iv. When P.W.2 testified that the appellant saw him and his children remove the structure and challenged them, P.W.2 ordered his children to beat up the appellant if he interferred with them. The appellant did not cross examine P.W.2 on this piece of evidence. It stood unchallenged. It was also within the knowledge of the appellant that the 1st respondent did not take part in the demolition of his hut. He must therefore show probable cause for reporting the appellant to the police. This he failed to do. The 1st respondent was able to show want of reasonable or probable cause on the part of the appellant. Instigating the arrest and detention of the 1st respondent was an unlawful act done intentionally without just cause or excuse and therefore malicious in the legal sense. Malice in this form of action is not to be considered in the sense of spite or hatred against the 1st respondent but of malus animus and as denoting that the appellant was actuated by improper and indirect motives.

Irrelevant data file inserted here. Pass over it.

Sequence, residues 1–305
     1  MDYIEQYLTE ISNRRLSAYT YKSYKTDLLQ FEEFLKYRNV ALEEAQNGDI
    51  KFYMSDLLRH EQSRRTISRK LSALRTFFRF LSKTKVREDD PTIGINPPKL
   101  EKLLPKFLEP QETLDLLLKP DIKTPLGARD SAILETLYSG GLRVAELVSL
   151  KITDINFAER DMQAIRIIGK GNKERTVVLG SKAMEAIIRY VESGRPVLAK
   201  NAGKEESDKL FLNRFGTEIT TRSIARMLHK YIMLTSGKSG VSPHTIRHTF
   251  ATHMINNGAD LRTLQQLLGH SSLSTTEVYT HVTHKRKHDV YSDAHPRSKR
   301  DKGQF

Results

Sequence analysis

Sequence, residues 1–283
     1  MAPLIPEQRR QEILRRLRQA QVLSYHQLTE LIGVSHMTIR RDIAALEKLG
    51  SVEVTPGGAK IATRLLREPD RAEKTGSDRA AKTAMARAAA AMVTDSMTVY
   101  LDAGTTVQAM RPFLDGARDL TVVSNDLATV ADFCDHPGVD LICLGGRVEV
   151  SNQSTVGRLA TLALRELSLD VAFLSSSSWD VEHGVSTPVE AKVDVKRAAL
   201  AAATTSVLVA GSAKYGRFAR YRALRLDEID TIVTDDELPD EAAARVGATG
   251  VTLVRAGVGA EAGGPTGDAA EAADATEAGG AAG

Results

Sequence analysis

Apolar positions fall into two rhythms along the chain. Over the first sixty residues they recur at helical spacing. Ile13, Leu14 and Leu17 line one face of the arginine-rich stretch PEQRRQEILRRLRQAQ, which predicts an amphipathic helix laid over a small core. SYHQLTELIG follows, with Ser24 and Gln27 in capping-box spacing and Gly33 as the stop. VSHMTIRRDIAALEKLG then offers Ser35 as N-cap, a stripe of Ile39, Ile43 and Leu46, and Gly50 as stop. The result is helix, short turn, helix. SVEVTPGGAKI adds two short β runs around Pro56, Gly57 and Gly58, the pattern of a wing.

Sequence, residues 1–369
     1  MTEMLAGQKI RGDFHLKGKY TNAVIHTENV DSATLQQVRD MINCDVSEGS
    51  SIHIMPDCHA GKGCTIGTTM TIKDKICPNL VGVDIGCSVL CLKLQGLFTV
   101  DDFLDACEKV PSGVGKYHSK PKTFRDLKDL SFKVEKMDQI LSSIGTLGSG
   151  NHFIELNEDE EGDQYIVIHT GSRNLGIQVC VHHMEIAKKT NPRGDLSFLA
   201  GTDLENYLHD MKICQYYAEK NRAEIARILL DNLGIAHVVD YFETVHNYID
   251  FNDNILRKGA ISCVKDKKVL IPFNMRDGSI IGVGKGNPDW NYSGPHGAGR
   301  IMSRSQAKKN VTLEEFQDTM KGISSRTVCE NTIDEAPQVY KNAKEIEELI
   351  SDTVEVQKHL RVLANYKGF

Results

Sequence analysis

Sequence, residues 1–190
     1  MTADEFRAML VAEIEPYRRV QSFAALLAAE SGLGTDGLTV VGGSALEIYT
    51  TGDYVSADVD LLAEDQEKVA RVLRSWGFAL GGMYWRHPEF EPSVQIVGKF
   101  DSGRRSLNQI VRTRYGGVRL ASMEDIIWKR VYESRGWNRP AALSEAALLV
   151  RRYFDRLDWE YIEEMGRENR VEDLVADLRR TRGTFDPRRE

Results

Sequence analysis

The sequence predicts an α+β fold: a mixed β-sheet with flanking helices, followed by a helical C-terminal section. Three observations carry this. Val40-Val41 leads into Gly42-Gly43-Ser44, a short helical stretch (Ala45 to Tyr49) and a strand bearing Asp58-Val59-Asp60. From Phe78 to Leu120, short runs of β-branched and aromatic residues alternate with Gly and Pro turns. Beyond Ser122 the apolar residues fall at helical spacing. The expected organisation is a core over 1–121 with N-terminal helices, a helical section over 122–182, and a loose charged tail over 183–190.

3. FOR ISSUE 3, THE SUPREME COURT GAVE JUDGEMENT AGAINST THE APPELLANT, AND THAT THE AWARD WAS PROPERLY MADE.
i. An appellate court is not justified in substituting a figure of its own for that awarded by the court below simply because it could have awarded a different figure if it had tried the case at first instance. Before it can properly intervene, it must be satisfied either that the Judge, in addressing the damages applied a wrong principle of law (as by taking into account some irrelevant factor or leaving out of account some relevant one); or that the amount awarded is either so inordinately low or so inordinately high that it must be a wholly erroneous estimate of damage.
ii. Any trespass to the person, however slight, gives a right of action to recover at any rate nominal damages. Even where there has been no physical injury, substantial damage may be awarded for the injury to the man’s dignity or for discomfort or inconvenience. Where liberty has been interfered with damages are given to vindicate the plaintiff’s rights even though he has not suffered any pecuniary damage. It is also not necessary for the plaintiff to give evidence of damage to establish his cause of action or to claim any specific amount of damage.
⦿ SOME PROVISIONS
⦿ RELEVANT CASES
⦿ NOTABLE DICTA